THE PIANO: A LOVE AFFAIR
Unseasonably early summer weather has led to an unseasonably early TV news silly season. Thus a grand piano falling out of a lorry makes prime time news bulletins. It’s a sad state of affairs when this admittedly comic diversion is the only time an instrument that’s shaped western art music, and dramatic art, and therefore of all the lively arts as we know them, makes it onto the box. But we’re the British. We hate music, and Classic FM is the proof. Except for occasions like this beautiful documentary when anyone with anything better than a tin ear thinks there might be hope.
Tousled amateur ivory-tickler Alexander Waugh, blowsy and blustery but never overbearing is as untidy as an unmade bed, as someone once said of the late Northamptonshire cricketer Colin Milburn. He also plays piano very well. This documentary shone like a diamond because among other things it revealed, slowly and lovingly, that there is a duple meaning to the phrase ‘playing the piano”. There is playing the piano. And Playing The Piano. The dichotomy between the two equates roughly to the duties of a Sunday League park stopper and Johann Cruyff.
Without wishing to overdo the Romantic Genius angle here, one requires talent, the other a gift. Waugh, who took his pianistic beginnerliness on the chin with a modesty whose naturalness is alien to TV, was made to look like a pygmy. And not just once, but severally, most of all by the super-virtuoso Marc-André Hamelin. No Simon Cowell, he.
The programme’s theme was not classical’s formal technique versus the rest; just the wealth of musical depth in the piano itself. There are 88 notes on a standard concert grand; there are innumerable directions for dynamic interpretation in any given piece (Scriabin and Busoni are particularly demanding). The physical and intellectual demands thereupon can, for most people, only be guessed at. Playing the piano is a Serious Business. A child prodigy whose technical facility is so great that if it doesn’t contravene a law it bloody well should do said to Waugh that it was all about practise.
Waugh knows this. The programme knew it too. That the BBC will even consider the concept of giftedness or cleverness or hard work is unusual in itself. This is Difficult. It is not Accessible, and therefore programmes about it are to be avoided.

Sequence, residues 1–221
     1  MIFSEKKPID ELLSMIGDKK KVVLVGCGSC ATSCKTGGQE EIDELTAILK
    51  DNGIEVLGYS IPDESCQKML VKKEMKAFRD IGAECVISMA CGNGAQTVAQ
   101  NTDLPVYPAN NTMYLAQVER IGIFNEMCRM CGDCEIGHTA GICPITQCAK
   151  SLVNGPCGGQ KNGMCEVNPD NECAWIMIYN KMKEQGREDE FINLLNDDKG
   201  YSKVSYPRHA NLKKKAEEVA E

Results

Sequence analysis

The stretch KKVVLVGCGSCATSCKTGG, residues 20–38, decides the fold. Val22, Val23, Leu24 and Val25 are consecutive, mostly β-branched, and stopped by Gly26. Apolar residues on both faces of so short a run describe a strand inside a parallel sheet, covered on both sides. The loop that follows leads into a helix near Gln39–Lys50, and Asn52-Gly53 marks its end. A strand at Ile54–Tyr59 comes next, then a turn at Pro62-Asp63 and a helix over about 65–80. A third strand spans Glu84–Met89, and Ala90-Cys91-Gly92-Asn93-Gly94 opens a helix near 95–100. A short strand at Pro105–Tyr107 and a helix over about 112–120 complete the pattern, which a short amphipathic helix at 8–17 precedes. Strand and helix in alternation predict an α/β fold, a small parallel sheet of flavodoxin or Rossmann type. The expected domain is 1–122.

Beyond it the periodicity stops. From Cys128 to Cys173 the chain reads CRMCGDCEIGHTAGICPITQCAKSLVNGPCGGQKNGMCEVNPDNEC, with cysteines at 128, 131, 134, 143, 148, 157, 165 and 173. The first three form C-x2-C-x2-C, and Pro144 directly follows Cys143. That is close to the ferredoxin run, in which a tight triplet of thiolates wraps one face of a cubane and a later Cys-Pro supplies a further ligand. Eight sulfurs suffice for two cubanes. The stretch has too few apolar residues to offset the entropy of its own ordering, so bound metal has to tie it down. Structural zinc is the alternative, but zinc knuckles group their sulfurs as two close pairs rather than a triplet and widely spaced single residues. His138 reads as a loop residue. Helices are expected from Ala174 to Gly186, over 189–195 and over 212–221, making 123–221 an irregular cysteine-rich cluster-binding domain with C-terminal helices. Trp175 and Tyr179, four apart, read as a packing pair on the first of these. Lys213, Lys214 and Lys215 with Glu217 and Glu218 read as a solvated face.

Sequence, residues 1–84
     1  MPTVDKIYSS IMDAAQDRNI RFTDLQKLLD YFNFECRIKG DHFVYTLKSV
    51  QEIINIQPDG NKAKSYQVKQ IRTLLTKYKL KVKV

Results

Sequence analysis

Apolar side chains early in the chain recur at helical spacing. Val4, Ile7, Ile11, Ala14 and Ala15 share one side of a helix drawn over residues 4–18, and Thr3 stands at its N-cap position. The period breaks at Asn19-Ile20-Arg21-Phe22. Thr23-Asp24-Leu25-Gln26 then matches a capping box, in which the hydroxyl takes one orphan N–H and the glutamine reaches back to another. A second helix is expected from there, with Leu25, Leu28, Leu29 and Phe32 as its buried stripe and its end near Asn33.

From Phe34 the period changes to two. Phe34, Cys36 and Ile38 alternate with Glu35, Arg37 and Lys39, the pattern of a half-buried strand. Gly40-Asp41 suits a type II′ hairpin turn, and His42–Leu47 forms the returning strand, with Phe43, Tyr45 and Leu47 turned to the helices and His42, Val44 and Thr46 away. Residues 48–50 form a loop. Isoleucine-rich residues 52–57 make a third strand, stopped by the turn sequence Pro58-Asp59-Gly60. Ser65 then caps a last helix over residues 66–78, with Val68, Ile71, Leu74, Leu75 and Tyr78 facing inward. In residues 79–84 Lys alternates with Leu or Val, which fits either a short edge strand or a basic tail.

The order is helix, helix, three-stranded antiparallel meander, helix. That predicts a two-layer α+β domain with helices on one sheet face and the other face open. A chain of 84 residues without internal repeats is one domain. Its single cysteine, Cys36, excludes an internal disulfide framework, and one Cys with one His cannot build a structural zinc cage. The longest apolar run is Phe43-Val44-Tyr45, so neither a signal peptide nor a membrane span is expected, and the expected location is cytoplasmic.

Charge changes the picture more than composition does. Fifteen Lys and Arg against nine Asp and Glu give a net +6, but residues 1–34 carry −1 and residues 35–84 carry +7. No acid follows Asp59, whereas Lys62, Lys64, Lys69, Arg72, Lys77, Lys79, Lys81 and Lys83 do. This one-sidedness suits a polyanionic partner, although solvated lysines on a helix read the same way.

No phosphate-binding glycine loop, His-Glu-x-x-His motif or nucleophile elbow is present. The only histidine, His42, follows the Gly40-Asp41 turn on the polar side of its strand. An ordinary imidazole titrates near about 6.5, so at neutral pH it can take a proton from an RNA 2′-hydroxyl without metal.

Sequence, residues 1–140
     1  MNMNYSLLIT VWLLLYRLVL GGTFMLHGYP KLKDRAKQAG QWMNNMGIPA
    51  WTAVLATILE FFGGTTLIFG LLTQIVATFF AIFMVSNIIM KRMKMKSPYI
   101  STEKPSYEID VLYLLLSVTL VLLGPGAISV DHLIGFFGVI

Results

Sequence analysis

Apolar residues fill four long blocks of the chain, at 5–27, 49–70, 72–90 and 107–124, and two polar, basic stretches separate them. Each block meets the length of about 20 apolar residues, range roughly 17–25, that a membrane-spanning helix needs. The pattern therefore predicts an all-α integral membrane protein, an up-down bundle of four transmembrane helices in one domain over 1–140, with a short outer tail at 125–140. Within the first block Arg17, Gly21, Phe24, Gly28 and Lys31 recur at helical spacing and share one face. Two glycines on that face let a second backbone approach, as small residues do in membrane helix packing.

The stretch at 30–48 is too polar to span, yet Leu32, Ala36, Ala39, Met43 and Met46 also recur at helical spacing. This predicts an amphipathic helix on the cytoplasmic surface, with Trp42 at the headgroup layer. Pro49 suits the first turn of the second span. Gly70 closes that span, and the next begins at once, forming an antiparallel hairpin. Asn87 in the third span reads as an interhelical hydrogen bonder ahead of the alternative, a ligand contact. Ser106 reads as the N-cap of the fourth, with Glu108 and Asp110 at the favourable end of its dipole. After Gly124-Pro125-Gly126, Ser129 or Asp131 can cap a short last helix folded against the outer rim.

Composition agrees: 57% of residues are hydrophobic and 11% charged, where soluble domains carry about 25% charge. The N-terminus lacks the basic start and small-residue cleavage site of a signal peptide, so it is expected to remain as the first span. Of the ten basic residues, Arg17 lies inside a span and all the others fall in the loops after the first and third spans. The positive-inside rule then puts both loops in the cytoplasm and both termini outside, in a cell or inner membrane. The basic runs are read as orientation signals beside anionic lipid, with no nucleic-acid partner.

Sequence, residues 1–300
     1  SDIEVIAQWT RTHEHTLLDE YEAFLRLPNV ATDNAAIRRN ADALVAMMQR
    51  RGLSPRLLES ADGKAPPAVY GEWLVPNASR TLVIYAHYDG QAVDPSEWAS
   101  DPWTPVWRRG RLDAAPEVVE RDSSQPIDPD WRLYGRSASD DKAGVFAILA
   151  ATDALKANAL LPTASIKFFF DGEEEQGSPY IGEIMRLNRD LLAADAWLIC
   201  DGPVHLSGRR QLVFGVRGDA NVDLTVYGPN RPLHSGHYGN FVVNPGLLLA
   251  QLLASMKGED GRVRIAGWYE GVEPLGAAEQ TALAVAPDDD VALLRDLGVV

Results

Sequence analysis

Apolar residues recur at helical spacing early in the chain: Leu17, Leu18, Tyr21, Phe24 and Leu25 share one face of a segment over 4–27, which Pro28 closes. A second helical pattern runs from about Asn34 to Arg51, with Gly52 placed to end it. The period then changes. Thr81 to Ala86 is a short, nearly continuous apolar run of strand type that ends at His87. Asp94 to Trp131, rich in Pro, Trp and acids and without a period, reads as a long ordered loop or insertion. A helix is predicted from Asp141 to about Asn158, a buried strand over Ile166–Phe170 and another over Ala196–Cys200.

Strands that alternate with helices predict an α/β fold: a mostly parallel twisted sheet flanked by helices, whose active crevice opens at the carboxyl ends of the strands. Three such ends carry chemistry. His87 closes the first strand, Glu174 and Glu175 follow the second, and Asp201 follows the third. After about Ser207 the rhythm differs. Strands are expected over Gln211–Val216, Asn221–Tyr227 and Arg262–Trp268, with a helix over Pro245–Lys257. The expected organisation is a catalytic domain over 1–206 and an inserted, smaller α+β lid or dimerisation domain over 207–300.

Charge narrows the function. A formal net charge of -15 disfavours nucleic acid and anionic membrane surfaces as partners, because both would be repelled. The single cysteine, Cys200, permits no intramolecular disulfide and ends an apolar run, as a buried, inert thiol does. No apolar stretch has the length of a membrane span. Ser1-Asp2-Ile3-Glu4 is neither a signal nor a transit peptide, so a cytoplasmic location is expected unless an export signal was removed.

That this little gem of a programme conveyed these complicated and esoteric concepts so economically, with such visual appeal and such intelligence meant we saw documentary TV near the top of its form; one could even forgive the inclusion of the liberal press’s excuse for a pop intellectual, Damon Albarn. The Piano’s Bronowskian presumption of a cultural literacy among its audience was refreshing. The camera caressed the instruments Waugh encountered, from a stand-up joanna in a Sheffield street to the priciest Fazioli – but it never fetishised them.
It adopted a pleasing tone in which Waugh describing himself as ‘a bit of an arse’, and spitting out expletives while trying to master a Godowsky transcription of Chopin, sounded entirely unaffected. Yes, people do say ‘oh fuck’ if they split notes in cascades of double octaves. People do make tits of themselves playing dummy keyboards in public in the manner of Joseph Cooper c.1977 in Face The Music. In 2007, this reviewer calls making such a great programme out this material a major achievement. Even Jools Holland comes across well. How major is that?
There were unnecessary occlusions of the middle-classness of it all; Waugh is posh, openly disdains rock’n roll (although he doesn’t go so far as to punch Albarn in the face, despite what seems to have been great provocation) and is seen playing tennis on a sunbaked lawn, chopping costly celery in an agreeable kitchen, which suggests that the whole exercise of pianos and culture is that of the leisured classes which those who knew Britain’s greatest joanna man, John Ogdon, will strenuously deny.
Any producer with a decent budget would have pushed to make a series out of this fabulously lavish subject, taking a Panglossian hobbyist through the keyboard from fortepiani through the technical transformations of the era of the great virtuosi like Liszt, the idea of rubato, taking in Scott Joplin’s ragtime tunes, Fats Waller, stride style, Art Tatum (‘the black Horowitz’ as he was known in the US), 20th century teaching methods, archive footage of Rachmaninov and Schnabel, the jazz digressions of Cecil Taylor and Keith Jarrett, the art of transcription, how piano technique can so rarely be transferred to electronic keyboards, why so few classical musicians can swing…
Waugh is eloquent on the monumental richness of the piano (most of the operatic and symphonic masterpieces of the last 200 years from Beethoven onwards were conceived at the keyboard – Wagner and Liszt’s use of dynamics influenced late 19th-century drama and early cinema). The very fact that this jolly, colourful little show manages to cram even one-sixteenth of all this in is a credit to all involved in what is without question the best programme on serious music to be shown since Howard Goodall’s 2001 Channel 4 exposition of the history of the organ. Devotees of art music of any kind will have sighed with relief – “Good God, they’re still making programmes like this.” Hurrah for them.
They said of the US-born virtuoso Louis Moreau Gottschalk (1829-1869) that he made the ladies faint with his playing. Agents for Liszt and Anton Rubinstein, two other 19th century piano men, made similar nudge-wink claims. I didn’t need the smelling salts, but I maybe saw the best TV documentary made so far this year.